In May of 1834 Joseph Smith organized a group of Latter-day Saints that came to be known as Zion’s Camp. During May and June, this group of approximately 200 men, several women and a few children traveled on foot from Kirtland, Ohio to Western Missouri. Although it was not the main goal of the expedition, the march gave Joseph Smith and the Saints a greater understanding of Book of Mormon lands. It was clear to Joseph that they were traveling across the very lands occupied by the Nephites. In a letter to his wife Emma, he wrote:

“The whole of our journey, in the midst of so large a company of social honest and sincere men, wandering over the plains of the Nephites, recording occasionally, the history of the Book of Mormon, roving over the mounds of that once beloved people of the Lord, picking up their skulls & their bones, as proof of its divine authenticity, and gazing upon a country the fertility, the splendor and the goodness so indescribable, all serves to pass away time unnoticed.” (The complete letter is in the possession of the Community of Christ church.)

From this letter we learn two things:

  1. Joseph knew North America was where the Book of Mormon took place.
  2. Joseph knew the many man-made mounds in the Heartland of America were created by the Nephites.
Joseph-Knew---Heber-C-Kimball
Heber C. Kimball

On the morning of June 3 near Grigsville, Illinois Joseph took several men to the top of a hill, known today as Naples-Russell Mound 8. About this event, Heber C. Kimball wrote:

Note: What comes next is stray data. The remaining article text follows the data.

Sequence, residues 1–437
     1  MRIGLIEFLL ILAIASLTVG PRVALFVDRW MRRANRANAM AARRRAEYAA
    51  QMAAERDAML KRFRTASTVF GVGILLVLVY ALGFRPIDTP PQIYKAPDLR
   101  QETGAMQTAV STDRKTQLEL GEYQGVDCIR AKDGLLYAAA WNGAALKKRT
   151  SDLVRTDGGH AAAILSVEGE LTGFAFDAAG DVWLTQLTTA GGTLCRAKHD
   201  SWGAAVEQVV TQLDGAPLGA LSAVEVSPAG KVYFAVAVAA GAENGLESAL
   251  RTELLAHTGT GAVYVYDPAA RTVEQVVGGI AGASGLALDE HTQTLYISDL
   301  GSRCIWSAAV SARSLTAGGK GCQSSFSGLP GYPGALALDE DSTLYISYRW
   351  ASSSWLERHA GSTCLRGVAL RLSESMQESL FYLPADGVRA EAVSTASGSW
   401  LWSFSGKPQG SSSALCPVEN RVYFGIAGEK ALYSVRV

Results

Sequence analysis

“On the top of this mound there was the appearance of three altars, which had been built of stone, one above another, according to the ancient order; and the ground was strewn over with human bones.”

Seeing this, Joseph sent for a shovel and a hoe and they began to excavate at the top of the hill. Again, Kimball reports:

“At about one foot deep we discovered the skeleton of a man, almost entire; and between two of his ribs we found an Indian arrow, which had evidently been the cause of his death. We took the leg and thigh bones and carried them along with us to Clay County. All four appeared sound.”

Another account was recorded by Elder Burr Riggs:

“The brethren procured a shovel and a hoe, and removing the earth to the depth of about one foot, discovered the skeleton of a man, almost entire, and between his ribs the stone point of a Lamanitish arrow which evidently produced his death.”

There are several written accounts of what Joseph Smith said about the man whose remains they had uncovered. The accounts vary somewhat. However, in 1842 Willard Richards was assigned by Joseph Smith to compiled and record a History of the Church. The following was recorded by Richards as part of that official history. It appears to have been gleaned from the many different accounts spoken or recorded in journals of those who were in attendance at the event.